Provinces: Guizhou, Hunan, Yunnan, Guangxi, Sichuan, Hainan, Hubei
Related to the Hmong of Southeast Asia, the Miao people lived in central China during ancient times. Their ancestors established the Three-Miao State along the middle and lower reaches of the Yangtze River during the Zhou Dynasty. Pushed southward by the rising tide of the Han, Miao clans became scattered and isolated from one another among the Miaolong and Wuling Mountains. Forming strong groups with diverse dialects, customs, and dress, there was no love-lost between them. In the past, Chinese governments often recruited them as mercenaries against one another (as can be seen in the popular 1992 Jet Li movie Asia Invincible).
Despite comprising several dialects, the Miao peoples’ language as a whole belongs to the Sino-Tibetan family. They had no written script until 1957, when a Romanization system was created. Because of the lack of a written language, oral history and tradition was passed on by songs and dances.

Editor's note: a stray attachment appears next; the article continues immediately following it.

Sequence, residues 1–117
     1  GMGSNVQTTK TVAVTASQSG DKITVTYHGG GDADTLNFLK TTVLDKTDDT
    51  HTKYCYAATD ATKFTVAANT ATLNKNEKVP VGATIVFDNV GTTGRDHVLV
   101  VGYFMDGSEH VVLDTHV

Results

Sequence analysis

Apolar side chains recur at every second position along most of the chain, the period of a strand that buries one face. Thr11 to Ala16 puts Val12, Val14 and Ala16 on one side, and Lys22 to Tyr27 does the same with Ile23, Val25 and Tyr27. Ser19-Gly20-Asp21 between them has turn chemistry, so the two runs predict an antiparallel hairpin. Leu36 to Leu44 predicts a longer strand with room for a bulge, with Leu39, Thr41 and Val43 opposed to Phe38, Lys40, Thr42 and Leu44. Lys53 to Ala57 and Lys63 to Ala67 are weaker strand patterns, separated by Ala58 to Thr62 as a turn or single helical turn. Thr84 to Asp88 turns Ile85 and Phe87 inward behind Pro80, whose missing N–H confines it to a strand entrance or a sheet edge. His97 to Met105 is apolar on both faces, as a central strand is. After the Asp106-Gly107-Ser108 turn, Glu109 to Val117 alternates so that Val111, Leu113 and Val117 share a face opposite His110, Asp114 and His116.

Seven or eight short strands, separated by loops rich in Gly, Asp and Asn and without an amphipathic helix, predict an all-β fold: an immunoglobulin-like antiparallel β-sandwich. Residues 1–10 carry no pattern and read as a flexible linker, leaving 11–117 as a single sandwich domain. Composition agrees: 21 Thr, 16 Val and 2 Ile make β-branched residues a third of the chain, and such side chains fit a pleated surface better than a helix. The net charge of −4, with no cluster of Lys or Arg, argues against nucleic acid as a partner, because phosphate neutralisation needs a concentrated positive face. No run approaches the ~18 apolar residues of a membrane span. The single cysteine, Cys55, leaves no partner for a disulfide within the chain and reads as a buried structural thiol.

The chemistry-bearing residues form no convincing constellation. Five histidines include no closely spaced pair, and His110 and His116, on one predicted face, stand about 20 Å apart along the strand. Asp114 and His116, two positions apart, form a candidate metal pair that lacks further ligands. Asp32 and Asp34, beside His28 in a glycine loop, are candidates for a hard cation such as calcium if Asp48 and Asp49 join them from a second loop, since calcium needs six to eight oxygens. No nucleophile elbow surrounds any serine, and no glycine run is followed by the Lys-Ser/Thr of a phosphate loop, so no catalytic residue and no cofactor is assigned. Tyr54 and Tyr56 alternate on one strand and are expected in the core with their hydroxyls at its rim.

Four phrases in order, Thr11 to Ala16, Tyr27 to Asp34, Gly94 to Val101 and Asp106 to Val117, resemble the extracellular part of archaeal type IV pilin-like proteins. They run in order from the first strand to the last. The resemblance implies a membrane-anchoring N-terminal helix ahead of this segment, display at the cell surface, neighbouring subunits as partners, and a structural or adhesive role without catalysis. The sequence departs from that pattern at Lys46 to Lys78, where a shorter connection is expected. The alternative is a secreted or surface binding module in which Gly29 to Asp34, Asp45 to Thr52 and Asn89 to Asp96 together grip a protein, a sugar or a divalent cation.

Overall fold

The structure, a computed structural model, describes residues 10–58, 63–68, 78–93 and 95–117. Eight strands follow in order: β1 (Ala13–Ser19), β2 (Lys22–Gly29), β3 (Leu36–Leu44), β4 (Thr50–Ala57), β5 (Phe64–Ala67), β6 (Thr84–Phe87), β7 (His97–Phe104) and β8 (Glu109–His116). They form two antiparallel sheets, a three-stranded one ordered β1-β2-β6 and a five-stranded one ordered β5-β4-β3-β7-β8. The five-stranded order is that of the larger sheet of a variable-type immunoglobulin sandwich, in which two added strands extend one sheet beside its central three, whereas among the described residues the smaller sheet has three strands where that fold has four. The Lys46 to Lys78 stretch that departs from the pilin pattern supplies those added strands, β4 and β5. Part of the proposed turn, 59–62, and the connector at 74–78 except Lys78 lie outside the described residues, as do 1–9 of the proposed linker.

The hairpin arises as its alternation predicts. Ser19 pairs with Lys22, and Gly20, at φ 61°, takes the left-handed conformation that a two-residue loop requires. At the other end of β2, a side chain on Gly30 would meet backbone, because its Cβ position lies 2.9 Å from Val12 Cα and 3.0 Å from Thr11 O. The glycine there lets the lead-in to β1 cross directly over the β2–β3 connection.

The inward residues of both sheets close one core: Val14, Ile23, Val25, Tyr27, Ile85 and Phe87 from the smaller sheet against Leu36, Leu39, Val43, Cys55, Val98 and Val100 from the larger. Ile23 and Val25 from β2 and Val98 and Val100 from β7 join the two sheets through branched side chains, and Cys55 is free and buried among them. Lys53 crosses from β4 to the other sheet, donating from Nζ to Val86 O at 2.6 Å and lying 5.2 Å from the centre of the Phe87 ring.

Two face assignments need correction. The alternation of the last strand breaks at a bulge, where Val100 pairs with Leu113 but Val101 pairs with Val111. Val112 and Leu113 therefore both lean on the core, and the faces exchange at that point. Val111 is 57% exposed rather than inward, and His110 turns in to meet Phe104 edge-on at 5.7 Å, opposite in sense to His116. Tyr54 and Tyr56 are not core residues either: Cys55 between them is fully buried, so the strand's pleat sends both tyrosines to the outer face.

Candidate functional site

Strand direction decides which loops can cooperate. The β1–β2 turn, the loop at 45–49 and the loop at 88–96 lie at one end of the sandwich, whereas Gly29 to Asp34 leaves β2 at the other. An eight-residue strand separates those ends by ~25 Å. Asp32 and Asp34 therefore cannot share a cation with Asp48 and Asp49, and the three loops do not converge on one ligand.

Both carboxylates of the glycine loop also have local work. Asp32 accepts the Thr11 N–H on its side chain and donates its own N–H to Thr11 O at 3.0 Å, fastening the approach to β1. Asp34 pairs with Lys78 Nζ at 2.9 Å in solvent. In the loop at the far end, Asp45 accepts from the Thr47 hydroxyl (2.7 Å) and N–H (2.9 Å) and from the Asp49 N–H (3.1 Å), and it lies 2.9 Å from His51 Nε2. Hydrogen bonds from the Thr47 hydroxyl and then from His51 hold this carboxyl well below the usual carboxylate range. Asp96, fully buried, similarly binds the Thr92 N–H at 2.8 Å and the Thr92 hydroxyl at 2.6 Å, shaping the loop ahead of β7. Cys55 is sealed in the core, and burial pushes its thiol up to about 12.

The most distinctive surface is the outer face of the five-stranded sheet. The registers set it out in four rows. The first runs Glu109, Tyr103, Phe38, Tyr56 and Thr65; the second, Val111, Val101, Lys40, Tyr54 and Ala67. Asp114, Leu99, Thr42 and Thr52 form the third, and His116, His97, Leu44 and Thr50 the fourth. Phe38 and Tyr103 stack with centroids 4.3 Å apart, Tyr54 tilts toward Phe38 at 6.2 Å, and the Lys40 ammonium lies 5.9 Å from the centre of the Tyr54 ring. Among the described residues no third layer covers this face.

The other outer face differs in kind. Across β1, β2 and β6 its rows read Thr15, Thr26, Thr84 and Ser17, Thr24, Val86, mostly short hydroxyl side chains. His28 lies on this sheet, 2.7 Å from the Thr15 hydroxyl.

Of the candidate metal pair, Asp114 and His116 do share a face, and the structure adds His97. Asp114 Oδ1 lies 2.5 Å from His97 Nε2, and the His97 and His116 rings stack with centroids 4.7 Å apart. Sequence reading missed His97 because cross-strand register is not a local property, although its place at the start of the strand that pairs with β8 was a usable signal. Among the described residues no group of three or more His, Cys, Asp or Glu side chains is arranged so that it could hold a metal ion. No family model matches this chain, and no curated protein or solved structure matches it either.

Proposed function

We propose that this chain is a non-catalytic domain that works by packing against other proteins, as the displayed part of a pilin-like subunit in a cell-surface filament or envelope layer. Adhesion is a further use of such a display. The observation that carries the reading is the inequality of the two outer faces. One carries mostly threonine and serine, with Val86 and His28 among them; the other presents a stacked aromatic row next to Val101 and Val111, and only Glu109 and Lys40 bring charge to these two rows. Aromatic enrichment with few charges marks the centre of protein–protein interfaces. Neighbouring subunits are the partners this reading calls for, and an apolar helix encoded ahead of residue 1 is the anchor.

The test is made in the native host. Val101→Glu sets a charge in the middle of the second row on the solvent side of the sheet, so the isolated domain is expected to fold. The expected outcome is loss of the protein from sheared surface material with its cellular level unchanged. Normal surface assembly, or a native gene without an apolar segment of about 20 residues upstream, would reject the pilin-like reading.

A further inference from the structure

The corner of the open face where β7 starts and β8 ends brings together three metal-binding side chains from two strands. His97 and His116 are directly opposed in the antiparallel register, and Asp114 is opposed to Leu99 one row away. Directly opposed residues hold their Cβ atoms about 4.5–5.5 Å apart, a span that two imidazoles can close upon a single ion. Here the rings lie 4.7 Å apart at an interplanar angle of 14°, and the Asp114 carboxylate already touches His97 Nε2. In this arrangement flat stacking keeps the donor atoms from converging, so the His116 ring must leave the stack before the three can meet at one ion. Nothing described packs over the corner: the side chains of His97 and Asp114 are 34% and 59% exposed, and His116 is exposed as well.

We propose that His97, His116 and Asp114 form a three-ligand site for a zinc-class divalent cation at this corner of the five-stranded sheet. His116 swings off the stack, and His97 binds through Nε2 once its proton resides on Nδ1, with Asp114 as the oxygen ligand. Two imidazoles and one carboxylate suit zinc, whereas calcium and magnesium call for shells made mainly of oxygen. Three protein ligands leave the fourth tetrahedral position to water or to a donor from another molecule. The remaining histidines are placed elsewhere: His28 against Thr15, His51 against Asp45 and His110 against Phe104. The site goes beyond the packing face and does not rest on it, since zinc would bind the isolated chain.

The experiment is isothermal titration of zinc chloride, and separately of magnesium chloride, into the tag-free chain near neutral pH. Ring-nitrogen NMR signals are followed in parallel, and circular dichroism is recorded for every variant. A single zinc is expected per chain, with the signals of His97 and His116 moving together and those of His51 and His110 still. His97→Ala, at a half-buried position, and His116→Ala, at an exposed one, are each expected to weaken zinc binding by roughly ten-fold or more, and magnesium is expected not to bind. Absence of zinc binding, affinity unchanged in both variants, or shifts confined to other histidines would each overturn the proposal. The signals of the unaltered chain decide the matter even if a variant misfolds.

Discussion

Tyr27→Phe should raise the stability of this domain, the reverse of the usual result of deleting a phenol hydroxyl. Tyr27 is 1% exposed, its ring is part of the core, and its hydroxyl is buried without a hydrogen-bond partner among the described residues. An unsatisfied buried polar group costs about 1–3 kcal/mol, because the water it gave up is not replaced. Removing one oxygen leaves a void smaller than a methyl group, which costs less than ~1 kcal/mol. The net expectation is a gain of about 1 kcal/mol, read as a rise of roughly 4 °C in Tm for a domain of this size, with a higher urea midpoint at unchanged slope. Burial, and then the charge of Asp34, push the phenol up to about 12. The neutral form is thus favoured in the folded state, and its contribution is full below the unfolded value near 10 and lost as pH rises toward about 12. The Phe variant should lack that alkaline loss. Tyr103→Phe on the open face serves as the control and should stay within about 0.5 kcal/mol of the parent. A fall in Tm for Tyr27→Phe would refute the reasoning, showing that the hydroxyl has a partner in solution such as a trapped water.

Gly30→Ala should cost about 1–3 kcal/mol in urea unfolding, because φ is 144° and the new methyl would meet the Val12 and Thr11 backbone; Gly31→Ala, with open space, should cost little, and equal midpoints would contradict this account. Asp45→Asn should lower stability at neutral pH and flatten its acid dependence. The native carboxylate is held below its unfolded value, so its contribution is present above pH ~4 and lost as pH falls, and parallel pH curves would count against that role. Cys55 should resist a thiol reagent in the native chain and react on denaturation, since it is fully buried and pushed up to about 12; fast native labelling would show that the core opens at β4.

The friendly Miao are well known for their hospitality. Living in mountainous communities, they generally depend on farming and animal husbandry. Close-knit, they often work together on farms and construction. Besides song and dance, Miao also excel at embroidery.
Women’s headdresses take special importance in Miao culture. When a girl is born, her parents will start saving money to make fancy silver head ornaments that can weigh several kilograms.
Traditional Miao religion is animistic. Important celebrations include the Miao New Year (Eighth Day of the Fifth Lunar Month) and the Dragon Boat Festival.
Photographs from “China’s Minority Peoples,” China Pictoral Publishing House.